The Instigator
CriticalThinkingMachine
Pro (for)
Winning
6 Points
The Contender
dylancatlow
Con (against)
Losing
0 Points

It Is Not Always Necessary To Stop at "Stop" Signs

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Post Voting Period
The voting period for this debate has ended.
after 2 votes the winner is...
CriticalThinkingMachine
Voting Style: Open Point System: 7 Point
Started: 8/19/2012 Category: Miscellaneous
Updated: 4 years ago Status: Post Voting Period
Viewed: 4,289 times Debate No: 25184
Debate Rounds (3)
Comments (58)
Votes (2)

 

CriticalThinkingMachine

Pro

I will be arguing that it is not always necessary to stop at stop signs. What I mean by this is that there are certain cases in which failing to come to a stop at a “stop” sign will not result in people getting into car accidents or nearly getting into car accidents, or increase the chance of people getting into an accident. I am not arguing that in these cases, people should not stop in certain cases, but simply that stopping in these cases is not necessary and that it makes no difference whether one stops or does not. My opponent must show that stopping at stop signs is necessary in all cases, or that car safety would be diminished if people did not always stop at stop signs, or that accidents would occur or be likely to occur unless people always stopped at stop signs.

Dimensions of the Debate:

category miscellaneous

resolution topic It is not always necessary to stop at stop signs.

position (pro/for)

number of rounds 3

time to argue 72 hours (3 days)

voting period 72 hours (3 days)

argument max 8000 characters


dylancatlow

Con

It is necessary to stop at all stop signs regardless of the driver's judgement. Stop signs are put up for a reason, for safety. They aren't just arbitrary signs to annoy us. They are a vital part of road safety. They are in such common use today that the average driver just automatically stops at them without really making an conscious effort. This is a good thing. Stopping at stop signs correctly ever time reinforces our habits. If drivers get into the habit of picking and choosing the stop signs they feel are necessary, they lose that automation and are at risk to running stop signs that actually matter. If there was some obscure hypothetical scenario in which a driver wanted to run a stop sign with zero change of causing damage or being injured, of course I wouldn't have a problem with that. This, however, is not the world we live in.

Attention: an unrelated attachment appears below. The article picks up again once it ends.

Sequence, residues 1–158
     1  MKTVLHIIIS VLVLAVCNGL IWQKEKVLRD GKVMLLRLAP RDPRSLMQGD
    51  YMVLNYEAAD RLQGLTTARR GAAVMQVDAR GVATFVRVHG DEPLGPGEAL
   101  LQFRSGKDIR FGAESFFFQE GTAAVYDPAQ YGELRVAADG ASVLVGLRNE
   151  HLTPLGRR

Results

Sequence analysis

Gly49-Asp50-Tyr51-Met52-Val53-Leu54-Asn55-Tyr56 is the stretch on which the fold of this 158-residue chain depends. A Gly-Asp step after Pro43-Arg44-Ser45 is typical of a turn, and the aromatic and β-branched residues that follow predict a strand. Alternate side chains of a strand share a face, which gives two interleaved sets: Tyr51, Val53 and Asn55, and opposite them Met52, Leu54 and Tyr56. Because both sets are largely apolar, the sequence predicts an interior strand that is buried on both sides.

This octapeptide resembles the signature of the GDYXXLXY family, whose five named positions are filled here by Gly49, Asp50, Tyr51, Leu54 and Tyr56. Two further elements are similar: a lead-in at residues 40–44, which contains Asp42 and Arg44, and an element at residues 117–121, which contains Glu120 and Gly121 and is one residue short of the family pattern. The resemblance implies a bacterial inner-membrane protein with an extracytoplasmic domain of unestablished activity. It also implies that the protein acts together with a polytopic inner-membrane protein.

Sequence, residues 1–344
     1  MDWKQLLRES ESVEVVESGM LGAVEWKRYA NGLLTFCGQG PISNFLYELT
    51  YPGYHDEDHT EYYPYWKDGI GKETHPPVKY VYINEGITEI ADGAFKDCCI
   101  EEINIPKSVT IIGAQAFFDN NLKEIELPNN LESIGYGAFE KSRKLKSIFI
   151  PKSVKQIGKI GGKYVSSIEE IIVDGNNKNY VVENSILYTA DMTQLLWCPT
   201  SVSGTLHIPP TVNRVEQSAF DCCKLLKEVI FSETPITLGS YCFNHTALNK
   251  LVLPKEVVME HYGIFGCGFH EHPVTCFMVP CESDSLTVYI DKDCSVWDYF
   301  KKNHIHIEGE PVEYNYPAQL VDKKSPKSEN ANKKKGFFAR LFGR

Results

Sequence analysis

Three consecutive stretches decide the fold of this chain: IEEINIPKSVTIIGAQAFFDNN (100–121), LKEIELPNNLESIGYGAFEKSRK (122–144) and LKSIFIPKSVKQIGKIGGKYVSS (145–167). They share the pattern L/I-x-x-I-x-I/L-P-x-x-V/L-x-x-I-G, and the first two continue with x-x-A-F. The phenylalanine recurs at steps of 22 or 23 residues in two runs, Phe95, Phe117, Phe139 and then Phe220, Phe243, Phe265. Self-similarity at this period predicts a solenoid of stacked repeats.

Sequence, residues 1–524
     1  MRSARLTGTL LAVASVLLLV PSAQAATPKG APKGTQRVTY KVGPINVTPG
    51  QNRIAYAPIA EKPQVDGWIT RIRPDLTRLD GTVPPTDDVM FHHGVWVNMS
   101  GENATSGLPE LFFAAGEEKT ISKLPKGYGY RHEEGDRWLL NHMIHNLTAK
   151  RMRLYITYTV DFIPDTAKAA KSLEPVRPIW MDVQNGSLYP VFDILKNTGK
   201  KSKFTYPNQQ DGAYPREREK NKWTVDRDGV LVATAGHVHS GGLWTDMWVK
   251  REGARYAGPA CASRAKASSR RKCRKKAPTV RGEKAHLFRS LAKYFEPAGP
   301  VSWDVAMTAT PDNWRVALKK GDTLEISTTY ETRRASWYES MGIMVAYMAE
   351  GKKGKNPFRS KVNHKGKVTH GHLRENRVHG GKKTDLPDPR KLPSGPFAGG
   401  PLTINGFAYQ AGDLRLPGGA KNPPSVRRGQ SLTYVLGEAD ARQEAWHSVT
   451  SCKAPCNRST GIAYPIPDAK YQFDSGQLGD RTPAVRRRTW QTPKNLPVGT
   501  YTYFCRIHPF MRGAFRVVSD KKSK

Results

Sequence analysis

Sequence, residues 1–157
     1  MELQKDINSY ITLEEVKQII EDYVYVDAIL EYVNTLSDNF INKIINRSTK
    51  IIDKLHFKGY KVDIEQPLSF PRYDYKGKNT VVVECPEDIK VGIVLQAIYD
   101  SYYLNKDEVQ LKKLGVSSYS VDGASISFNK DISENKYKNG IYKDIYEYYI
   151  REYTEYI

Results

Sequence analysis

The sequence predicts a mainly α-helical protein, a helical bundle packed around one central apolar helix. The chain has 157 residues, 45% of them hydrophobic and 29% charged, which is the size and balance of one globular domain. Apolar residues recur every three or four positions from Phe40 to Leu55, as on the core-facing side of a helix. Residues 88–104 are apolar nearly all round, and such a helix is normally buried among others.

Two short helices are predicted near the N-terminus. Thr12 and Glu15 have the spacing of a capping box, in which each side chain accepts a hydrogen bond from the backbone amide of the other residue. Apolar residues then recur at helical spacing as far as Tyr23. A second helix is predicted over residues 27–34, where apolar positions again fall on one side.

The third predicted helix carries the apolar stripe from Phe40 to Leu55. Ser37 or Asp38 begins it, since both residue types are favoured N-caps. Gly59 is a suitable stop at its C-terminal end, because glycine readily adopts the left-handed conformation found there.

Debate Round No. 1
CriticalThinkingMachine

Pro

Thank you dylancatlow for agreeing to be the contender for this debate. I forgot to mention that I wanted the first round to be for acceptance only. This is typically how debates on this site go. I see that you’re new to this site, so you may not have known that. I’m pretty new myself, but I explored enough debates on the site to know this. I don’t have much of a problem with this, so I’ll allow it, and won't force you to forgo posting an argument for the last round. You’ll get an extra argument out of this! Now on to the debate.

NEGATIVE ARGUMENTS

1- Stop signs are put up for a reason, safety. They aren’t just arbitrary signs to annoy us.

A- I agree that stop signs are put up for that reason but that does not mean that all of them actually do serve that purpose at all times. I may bake a cake for someone for the reason that I want to make them happy, but that does not mean it will actually make the person happy. Intentions and consequences are not the same thing.

B- I also agree that stop signs are not put up to annoy us. However, as I will explain in a bit, there are a few cases in which the placement of stop signs seems very arbitrary. But even if this were not so, the fact that they are not put up to annoy us does not prove that one must always stop at stop signs. Those are two different contentions. Con is arguing that the intention behind stop signs is valid, but my resolution is concerned with the consequences of stop signs.

C - Con is putting his emphasis on the placement of stop signs, but as you will see, only one of my three scenarios concerns the placement of the stop sign. The other two have to do with the situation one finds oneself in at a stop sign, not the placement of the sign.

2- They are in such common use today that…signs that actually matter.